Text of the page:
Number of T.G.I. Friday's Restaurants to Double Globally

Stockbyte(DALLAS) -- Carlson Restaurants has announced that it plans to double the number of T.G.I. Friday's restaurants globablly

The restaurant's parent company has outlined a strategic plan called Ambition 2015, aimed at solidiying Carlson as the "restaurant, employer and investment of choice by 2015."

Carlson Restaurants President and Chief Executive Officer Nick Sheppard says the company has a number of measures planned to help it reach its desired goal of doubling its international presence over the next five years with its trademark brand.

"With the strength of our Friday's brand, our management team and our franchise partners, we are uniquely positioned to dramatically increase the footprint of our business," Shepherd said.

According to a repot by Knapp Track, T.G.I. Friday's outpaced the rest of the casual dining market in the U.S. by 1.6 percent in 2010.

T.G.I. Friday's has 350 international locations in 60 countries other than the United States.

Copyright 2011 ABC News Radio


Study: More Than Half of America Use Facebook

NICHOLAS KAMM/AFP/Getty Images(SOMERVILLE, N.J.) -- A new study says that more than half of all Americans are now on Facebook.

Edison Research claims that 51 percent of Americans over the age of 12 have profiles on the social-networking giant created in a college dorm room in 2004.

According to the study, the number of users on Facebook is six times higher than in 2008. The findings, which will be unveiled as part of a presentation on April 5, also suggest that persons over the age of 35 have demonstrated remarkable year-to-year usage growth.

The study was conducted in January 2011 from a national survey of 2,020 people, aged 12 years or older.

Copyright 2011 ABC News Radio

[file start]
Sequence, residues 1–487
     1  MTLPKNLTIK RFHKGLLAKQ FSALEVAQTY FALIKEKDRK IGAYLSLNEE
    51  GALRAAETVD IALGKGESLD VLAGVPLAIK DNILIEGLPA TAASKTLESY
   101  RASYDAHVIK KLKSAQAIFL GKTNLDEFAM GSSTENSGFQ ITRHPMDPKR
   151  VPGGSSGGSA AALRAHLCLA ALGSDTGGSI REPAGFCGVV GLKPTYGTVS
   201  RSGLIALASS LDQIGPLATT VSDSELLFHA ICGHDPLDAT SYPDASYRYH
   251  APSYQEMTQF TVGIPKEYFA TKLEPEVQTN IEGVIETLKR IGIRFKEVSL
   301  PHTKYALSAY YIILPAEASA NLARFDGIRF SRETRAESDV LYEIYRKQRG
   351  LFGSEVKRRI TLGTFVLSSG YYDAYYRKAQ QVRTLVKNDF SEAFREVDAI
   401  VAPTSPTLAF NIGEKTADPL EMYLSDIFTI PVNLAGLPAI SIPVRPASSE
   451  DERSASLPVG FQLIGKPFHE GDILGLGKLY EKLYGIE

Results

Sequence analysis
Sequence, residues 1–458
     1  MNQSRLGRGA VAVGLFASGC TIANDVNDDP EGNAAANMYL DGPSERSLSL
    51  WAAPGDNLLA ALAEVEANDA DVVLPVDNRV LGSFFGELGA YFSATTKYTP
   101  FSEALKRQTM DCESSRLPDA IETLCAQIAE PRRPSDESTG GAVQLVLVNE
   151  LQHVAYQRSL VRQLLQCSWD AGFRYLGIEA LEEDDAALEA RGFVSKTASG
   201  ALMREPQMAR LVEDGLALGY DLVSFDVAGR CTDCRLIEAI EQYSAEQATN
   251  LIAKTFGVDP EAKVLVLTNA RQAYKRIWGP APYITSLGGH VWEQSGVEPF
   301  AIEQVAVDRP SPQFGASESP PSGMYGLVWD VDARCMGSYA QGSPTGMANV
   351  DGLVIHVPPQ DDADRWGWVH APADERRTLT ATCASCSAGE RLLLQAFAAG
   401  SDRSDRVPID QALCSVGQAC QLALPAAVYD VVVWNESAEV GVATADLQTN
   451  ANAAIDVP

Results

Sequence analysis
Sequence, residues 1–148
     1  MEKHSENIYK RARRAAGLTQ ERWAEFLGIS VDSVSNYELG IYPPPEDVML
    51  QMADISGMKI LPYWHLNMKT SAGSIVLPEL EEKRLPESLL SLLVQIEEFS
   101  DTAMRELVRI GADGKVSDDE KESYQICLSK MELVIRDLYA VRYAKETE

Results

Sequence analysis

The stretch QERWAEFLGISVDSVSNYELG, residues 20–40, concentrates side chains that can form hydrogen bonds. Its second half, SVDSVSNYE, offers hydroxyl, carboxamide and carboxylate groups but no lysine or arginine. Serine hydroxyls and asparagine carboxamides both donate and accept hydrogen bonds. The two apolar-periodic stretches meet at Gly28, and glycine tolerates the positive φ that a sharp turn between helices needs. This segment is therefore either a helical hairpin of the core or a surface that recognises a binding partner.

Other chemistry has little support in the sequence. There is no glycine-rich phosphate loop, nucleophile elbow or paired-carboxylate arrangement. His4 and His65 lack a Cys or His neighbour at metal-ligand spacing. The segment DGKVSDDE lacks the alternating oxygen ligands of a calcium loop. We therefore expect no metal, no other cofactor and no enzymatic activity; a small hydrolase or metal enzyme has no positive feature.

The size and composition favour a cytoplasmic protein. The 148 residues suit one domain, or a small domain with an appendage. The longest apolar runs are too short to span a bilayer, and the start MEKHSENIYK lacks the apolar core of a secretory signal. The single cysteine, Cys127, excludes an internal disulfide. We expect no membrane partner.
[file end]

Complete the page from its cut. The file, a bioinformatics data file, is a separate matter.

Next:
U.S. Postal Service to Close Offices, Offer Buyouts

PAUL J. RICHARDS/AFP/Getty Images(WASHINGTON) -- The U.S. Postal Service plans to shut down seven district offices in a restructuring effort to cut annual costs.

The agency says it plans to close the Albuquerque, Columbus, South East Michigan, Northern Illinois, South East New England, South Georgia, and Big Sky Montana offices. It is all part of a cost-cutting initiative that the Postal Service says will see as many as 2,000 post offices closed over the next year.

As a result, the agency is offering $20,000 buyouts spread over two years to those 50 years or older with at least 20 years of service or for any age in cases where someone has worked for at least 25 years. The buyouts are intended to offset in part some 7,500 administrative and executive positions the Postal Service plans to eliminate.

The agency says it believes the new restructuring will save the Postal Service close to $750 million per year.

Copyright 2011 ABC News Radio


AXE Turns Up the Heat in Marketing to Young Men

Comstock/Thinkstock(ENGLEWOOD CLIFFS, N.J.) -- If a product made the not-so-subtle promise that one use would make women want to lick all over you, it would probably grab your attention.

Sex, sex and more sex is the tried-and-true hook that the makers of AXE -- a line of male-deodorant body products -- have used in their relentless advertising to reel in young men.

"[It's] a lick-able, addictive fragrance," said Jeanine Bernstock, the company's fragrance development manager.

AXE's commercials boast that just one long spray across a young man's chest -- said to be the best way to wear the fragrance -- would instantly cause countless voluptuous ladies to chase after him, pawing for his affections.

AXE's marketing director, Mike Dwyer, called this the "AXE lifestyle" and said the body spray is the perfect wing-man for their target demographic of 18- to 24-year-olds who are in the "mating game."